If I had my way, mental health assessments would be compulsory for all public officers. The reasons for this should be obvious.

Bisi Adeleye-Fayemi

How many times have you heard people say, ‘If I had my way,’ then they would go ahead to list all those things they would do, if they had the final say on the matter? Every one of us has such a list. This is mine.

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• If I had my way, there would be only three political parties and there would be no elections. Each party would meet with a hundred delegates each drawn from various interest groups, along the lines of a constitutional conference. The conference would have a critical outcome – everyone gets something. Apart from the politicians leading the process, the ‘delegates’ would include a fair number of ‘security consultants,’ aka ‘thugs’, prayer warriors, pastors, imams, ‘babalawos’, youth (aka ‘yuut’), praise-singers and so on. After a period of three days, each party would have agreed to a process of power-sharing. The party with the most effective team would probably emerge with the most spoils, but none of the parties would go home empty-handed. There would also be concessions for those who only have a constituency on social media, the number of followers and likes will make a case for a seat and voice at the table. This is a much cheaper and safer way of deciding who gets what. And there would be no need for ‘vote and cook soup.’

• If I had my way, all indicted rapists and paedophiles would be relieved of their ‘weapons of mass destruction.’ Since some elements in society have taken it upon themselves to wage war on women’s bodies with all the biological and non-biological weapons at their disposal, the least we can do is engage in a process of ‘disarmament.’

• If I had my way, every school would have a sex offenders register. If there is a reported case of sexual assault or harassment by a teacher, it means there was no due diligence in the hiring of such teachers. School authorities should be held accountable for violations against female students. There should be no such thing as, ‘We are not surprised Mr. James has assaulted a female student in Lagos, that is how he impregnated a girl in a school in Warri.’

• If I had my way, History would be taught right from nursery school. I would set up a National Academy of Historians, with a view to training and encouraging a new generation of historians, and I would lure retired History professors out of retirement for them to run it. I would also put out a special appeal, backed with serious resources, to all the African historians comfortably ensconced in Ivy League universities in the United States and Europe.

• If I had my way, I would launch a National Storytelling Competition. This would enable us share our unique gifts of imagination and creativity with the rest of the world, and would serve as a strong mentoring tool for young people. Stories such as, ‘How Jaiye spent two days on a tree hiding from police,’ ‘How David died and Simon took his place’ and ‘How a snake swallowed money in a safe,’ are sure to win top prizes.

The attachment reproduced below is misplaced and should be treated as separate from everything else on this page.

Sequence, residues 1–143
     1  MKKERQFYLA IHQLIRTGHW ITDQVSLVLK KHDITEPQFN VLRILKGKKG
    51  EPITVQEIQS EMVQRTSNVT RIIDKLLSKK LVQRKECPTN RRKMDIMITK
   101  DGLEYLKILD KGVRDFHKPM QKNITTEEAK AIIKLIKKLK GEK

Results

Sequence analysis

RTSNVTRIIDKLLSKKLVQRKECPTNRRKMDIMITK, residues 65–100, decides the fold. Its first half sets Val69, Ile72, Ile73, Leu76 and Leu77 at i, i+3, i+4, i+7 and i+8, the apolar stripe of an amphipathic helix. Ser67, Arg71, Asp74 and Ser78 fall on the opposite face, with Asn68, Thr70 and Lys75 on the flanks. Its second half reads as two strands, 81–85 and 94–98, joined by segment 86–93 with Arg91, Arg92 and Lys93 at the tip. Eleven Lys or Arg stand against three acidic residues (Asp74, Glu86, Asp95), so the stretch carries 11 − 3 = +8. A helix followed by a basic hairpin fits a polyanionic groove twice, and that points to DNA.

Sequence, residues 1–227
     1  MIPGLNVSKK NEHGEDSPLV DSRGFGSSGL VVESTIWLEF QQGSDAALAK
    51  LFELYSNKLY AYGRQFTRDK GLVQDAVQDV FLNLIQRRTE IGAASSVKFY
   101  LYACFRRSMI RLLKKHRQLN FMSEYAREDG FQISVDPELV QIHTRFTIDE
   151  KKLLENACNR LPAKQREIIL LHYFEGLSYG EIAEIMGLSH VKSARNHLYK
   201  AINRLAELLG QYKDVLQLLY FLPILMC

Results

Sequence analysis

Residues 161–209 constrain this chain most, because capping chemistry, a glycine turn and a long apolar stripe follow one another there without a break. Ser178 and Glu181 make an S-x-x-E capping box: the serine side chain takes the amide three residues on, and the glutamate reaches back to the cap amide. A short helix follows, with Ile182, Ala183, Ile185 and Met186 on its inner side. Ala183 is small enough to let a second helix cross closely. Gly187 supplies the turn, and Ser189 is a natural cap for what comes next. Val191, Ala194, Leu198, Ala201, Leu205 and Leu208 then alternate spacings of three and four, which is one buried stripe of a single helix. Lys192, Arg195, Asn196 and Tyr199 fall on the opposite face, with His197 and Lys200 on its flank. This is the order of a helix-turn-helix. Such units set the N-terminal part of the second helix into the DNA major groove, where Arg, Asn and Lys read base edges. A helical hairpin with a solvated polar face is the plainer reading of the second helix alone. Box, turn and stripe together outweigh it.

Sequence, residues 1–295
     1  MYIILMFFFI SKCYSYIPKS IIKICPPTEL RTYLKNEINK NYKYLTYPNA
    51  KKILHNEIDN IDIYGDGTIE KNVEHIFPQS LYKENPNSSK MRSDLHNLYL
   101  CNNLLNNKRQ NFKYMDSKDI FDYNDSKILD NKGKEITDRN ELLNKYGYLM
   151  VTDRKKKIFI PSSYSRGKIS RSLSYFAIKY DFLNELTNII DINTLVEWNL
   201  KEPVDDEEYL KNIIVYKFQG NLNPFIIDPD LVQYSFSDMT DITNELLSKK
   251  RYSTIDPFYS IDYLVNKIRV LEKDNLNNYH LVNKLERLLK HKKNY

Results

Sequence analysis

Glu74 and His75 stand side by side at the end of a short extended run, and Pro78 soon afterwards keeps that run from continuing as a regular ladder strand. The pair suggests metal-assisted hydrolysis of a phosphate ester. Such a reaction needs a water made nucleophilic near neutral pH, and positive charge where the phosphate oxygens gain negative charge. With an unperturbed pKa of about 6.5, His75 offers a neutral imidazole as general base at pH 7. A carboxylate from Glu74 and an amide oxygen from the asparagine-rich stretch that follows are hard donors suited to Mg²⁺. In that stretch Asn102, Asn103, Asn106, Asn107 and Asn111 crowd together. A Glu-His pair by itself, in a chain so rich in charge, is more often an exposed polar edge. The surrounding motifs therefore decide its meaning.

• If I had my way, mental health assessments would be compulsory for all public officers. The reasons for this should be obvious.

• If I had my way, all our children would pay for their own wedding. You want to get married? Great! Just give me the date and venue, I will show up. No, I am not paying for the hall, engagement, food, drinks, musician, aso-ebi and flowers. It is your wedding, not mine.

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• If I had my way, there would be no churches or mosques in residential areas. Any religious establishments flouting this regulation will be charged with noise pollution. And we would need to revisit the issue of paying taxes by religious bodies.

• If I had my way, every public building would have wheel-chair access. Any building found not to have this would pay a heavy fine, and there would be a motivated task force moving around to ensure compliance.

• If I had my way, everyone responsible for designing forms for the public to fill (immigration, applications and so on) should go through further training to make them more sensitive. Such forms were designed for societies with names such as Fox, Smith or Kent. Not for places where we have names such as Oguguamakwa, Agbongiasedeh and Magbagbeoluwa.

• If I had my way, there would be a National Running Day, during which there would be competitions and prizes at unit, ward, local government and state level. The prizes would be so attractive that, all year round, people young and old would keep fit and practice. The result? A healthier populace less likely to suffer from sudden deaths and a decline in the number of old women persecuted for witchcraft.

• If I had my way, there would be live lie detector technology. This means every time a husband, wife or teenager arrives home to the question ‘where have you been?’ the lie detector would force an involuntary but accurate response. I, however, accept that such technology would be sabotaged within a very short space of time.

• If I had my way, all roads would be tarred, all hospitals would be able to cure their patients, no one would commit suicide out of depression, no woman or girl would be violated, no religious extremist would find anyone willing to listen and there would be no corruption in high or low places.

• If I had my way, everyone would matter.

Conquer your depression!


Bisi Adeleye-Fayemi is a gender specialist, social entrepreneur and writer. She is the founder of Abovewhispers.com, an online community for women. She can be reached at [email protected]